If you attended the Annual Meeting a few weeks ago in Greensboro you are aware that our meeting included an emphasis on creating a disciple-making culture as a means to strengthen existing churches and reach the lost with the gospel. The new five-year strategy, “Impacting lostness through disciple-making,” is about pushing back spiritual darkness and reaching more than 5.8 million people in our state who do not know Jesus. We cannot impact lostness if we are not effectively making disciples. To be obedient to Acts 1:8 we must make disciples in our Jerusalem, Judea, Samaria and the ends of the earth.
Disciples recognize that their purpose in life is to glorify God and help others come to know Him. When we talk about creating a disciple-making culture we are referring to an environment, such as your church, Sunday School class, small group meetings or even one-on-one dialogue where believers are challenged and equipped to focus their lives on their call to love God and to love others – which then results in more followers of Christ.
Do you know the difference between converts and disciples? Would you like to learn more about changing converts into disciples? One resource I recommend for learning how your church can become a disciple-making church is the book entitled DiscipleShift. It is written by Jim Putnam and Bob Harrington and published by Zondervan.
This tool helps us understand that if we say we love God, but do not express that in love toward others, our lives are probably focused more on religion than on love. It is possible to do a lot of good for people by helping meet physical needs, yet often overlook the opportunity to share the gospel – which is why we are compelled to serve others.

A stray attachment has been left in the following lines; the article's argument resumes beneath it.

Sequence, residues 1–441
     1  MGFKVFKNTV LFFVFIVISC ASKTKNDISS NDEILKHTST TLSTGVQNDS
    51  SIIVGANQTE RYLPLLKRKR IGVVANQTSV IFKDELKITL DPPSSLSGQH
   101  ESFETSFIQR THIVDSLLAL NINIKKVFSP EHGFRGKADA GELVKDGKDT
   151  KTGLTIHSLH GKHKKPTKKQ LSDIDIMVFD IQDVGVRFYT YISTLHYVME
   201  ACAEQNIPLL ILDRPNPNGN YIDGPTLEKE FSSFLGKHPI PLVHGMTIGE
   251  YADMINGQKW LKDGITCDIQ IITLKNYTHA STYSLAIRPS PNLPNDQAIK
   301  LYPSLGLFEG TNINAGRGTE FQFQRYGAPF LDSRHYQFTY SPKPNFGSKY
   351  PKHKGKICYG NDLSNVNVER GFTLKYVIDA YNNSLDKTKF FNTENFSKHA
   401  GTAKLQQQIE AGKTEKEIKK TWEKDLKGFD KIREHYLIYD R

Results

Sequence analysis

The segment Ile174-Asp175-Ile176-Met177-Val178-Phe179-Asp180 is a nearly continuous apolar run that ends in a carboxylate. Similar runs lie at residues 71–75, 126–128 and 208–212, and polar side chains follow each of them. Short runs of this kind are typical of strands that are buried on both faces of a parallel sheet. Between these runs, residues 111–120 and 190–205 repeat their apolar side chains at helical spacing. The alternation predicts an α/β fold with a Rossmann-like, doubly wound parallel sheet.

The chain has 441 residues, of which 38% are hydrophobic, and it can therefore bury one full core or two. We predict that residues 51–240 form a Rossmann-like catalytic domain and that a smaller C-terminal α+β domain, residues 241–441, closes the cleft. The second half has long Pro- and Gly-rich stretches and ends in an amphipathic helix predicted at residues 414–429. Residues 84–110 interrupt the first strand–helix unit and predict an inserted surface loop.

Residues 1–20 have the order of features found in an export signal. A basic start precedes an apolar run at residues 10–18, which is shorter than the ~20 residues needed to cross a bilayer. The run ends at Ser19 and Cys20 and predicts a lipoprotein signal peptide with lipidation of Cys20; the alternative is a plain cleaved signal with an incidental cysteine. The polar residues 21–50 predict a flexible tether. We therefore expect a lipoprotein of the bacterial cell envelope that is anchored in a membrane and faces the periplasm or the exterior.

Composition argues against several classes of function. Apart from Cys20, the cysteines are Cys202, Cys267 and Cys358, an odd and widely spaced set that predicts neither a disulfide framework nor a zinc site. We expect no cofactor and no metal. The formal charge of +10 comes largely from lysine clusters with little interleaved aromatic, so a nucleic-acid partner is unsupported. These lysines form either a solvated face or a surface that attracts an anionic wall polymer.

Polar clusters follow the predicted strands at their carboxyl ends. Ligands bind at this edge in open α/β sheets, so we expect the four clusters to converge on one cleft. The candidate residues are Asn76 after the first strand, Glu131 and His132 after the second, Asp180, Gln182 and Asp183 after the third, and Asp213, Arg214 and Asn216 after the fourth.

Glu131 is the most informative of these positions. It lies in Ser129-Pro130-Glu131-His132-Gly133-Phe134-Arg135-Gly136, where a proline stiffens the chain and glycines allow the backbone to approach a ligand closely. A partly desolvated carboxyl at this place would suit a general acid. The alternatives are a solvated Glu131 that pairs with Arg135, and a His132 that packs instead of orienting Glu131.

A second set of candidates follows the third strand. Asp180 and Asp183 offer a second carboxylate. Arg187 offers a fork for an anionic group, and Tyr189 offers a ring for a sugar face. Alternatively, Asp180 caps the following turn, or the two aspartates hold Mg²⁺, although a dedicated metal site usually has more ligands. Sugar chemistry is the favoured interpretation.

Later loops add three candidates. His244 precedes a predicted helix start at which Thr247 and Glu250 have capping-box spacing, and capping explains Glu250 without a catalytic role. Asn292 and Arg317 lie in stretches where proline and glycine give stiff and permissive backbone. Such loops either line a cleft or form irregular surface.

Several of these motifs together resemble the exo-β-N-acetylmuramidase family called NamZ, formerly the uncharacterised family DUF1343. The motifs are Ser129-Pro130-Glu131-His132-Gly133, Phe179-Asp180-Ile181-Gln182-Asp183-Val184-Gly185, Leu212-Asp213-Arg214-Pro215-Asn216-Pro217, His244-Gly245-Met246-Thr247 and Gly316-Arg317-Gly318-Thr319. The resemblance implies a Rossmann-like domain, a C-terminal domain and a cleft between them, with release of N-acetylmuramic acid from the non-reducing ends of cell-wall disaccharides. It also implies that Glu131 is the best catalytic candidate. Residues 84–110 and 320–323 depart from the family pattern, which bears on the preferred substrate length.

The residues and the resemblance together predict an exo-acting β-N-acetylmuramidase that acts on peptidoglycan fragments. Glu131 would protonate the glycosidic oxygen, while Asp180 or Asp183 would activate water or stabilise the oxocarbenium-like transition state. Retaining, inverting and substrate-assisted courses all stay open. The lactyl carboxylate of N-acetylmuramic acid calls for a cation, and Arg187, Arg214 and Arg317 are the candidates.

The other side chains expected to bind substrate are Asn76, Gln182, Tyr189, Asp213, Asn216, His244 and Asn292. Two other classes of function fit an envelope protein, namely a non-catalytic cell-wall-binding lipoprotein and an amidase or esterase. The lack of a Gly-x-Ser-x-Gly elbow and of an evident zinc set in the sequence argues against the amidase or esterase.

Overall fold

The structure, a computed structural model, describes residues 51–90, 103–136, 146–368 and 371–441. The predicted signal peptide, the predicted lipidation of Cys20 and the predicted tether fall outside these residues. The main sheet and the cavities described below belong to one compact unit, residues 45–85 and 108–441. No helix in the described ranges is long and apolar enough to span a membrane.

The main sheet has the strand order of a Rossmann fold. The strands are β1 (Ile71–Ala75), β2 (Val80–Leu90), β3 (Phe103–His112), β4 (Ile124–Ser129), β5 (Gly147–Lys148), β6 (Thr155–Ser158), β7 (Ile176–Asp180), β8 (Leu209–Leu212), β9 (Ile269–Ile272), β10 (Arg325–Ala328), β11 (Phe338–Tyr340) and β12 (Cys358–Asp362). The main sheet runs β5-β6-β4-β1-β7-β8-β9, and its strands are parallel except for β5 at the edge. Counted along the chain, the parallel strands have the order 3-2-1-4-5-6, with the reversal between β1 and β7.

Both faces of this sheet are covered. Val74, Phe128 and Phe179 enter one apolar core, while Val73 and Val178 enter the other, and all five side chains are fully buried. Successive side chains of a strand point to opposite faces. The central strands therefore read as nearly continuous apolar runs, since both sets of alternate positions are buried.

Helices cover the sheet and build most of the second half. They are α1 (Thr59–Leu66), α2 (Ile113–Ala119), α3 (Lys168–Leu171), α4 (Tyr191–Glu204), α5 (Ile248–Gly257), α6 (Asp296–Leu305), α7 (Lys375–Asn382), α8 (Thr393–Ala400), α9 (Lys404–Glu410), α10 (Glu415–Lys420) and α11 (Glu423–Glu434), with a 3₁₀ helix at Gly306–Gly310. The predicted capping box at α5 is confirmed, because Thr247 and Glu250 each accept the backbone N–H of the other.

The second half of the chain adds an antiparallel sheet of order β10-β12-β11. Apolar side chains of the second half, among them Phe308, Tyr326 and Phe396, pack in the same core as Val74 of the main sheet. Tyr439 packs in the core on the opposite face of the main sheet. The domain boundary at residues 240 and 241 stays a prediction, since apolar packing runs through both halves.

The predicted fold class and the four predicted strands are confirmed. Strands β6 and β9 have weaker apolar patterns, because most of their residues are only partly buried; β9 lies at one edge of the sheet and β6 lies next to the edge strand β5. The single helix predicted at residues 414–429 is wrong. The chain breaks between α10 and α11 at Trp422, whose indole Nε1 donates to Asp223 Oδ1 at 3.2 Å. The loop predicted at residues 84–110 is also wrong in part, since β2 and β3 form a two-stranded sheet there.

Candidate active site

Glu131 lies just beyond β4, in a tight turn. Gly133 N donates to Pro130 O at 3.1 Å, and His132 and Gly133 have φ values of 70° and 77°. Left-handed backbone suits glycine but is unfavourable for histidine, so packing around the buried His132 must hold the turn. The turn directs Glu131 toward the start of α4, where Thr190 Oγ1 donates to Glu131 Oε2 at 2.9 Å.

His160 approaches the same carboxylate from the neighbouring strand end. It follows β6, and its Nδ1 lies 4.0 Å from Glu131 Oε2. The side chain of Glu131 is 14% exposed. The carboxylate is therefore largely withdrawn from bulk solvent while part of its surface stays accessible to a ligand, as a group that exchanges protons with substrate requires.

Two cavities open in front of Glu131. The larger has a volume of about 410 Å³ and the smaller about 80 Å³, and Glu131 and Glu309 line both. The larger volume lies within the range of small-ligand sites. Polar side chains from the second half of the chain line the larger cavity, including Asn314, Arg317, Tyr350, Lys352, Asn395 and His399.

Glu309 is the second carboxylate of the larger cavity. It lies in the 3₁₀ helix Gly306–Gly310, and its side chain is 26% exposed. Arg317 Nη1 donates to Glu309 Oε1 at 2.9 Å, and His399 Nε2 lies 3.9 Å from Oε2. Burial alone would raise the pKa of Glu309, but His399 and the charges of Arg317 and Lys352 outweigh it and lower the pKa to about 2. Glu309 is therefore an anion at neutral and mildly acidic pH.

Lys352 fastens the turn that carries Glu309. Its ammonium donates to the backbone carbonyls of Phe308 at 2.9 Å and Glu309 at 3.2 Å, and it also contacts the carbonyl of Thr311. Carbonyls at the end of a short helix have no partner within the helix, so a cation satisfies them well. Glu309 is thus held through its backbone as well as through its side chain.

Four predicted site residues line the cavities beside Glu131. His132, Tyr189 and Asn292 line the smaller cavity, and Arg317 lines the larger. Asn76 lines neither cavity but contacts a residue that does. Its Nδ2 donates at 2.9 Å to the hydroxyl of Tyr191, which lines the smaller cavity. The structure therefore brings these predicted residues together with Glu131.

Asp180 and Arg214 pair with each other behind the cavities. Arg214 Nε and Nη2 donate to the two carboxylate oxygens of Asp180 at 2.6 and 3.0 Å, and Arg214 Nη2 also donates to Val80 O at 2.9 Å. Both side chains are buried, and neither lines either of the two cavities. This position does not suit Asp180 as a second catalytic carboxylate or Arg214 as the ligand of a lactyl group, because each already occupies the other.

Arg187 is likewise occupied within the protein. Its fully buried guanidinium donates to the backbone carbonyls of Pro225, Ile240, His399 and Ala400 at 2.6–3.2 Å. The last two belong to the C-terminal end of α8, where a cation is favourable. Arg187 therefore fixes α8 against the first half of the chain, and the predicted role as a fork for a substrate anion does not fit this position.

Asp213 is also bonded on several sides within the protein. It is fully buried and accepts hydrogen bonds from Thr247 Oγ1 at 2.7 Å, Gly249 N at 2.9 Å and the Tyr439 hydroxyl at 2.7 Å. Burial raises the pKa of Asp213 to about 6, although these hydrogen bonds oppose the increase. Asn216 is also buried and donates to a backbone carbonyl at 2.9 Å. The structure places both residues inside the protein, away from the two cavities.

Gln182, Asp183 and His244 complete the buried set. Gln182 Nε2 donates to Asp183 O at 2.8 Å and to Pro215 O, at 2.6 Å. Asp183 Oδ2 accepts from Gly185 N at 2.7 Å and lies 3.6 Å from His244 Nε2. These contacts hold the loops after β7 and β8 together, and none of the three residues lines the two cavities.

Another resource we use to help explain disciple-making is “Looking at Your Church in 3D.” This is a Christ-centered process to help you discover where you are in your efforts to make disciples, where God is leading your church, and the strategy and resources necessary to help you implement that strategy. Your convention staff is willing and ready to walk with your church through the entire “3D” process as you pray about how you can become more intentional in making disciples.
I also encourage you to read a column on the strategy page of our website (www.ncbaptist.org/strategy) from staff member Brian Upshaw about disciple-making. Brian encourages us not to view disciple-making as “merely religious activity” or just busy activity that fills our calendars. Brian’s question is a good one for us all to consider: “Are you busy investing in others for the sake of the gospel or are you just busy?”
Making disciples begins by building relationships and investing in the lives of people in your neighborhood and community. Who do you know who needs to know Jesus?
“And he saith unto them, Follow me, and I will make you fishers of men.” (Matthew 4:19)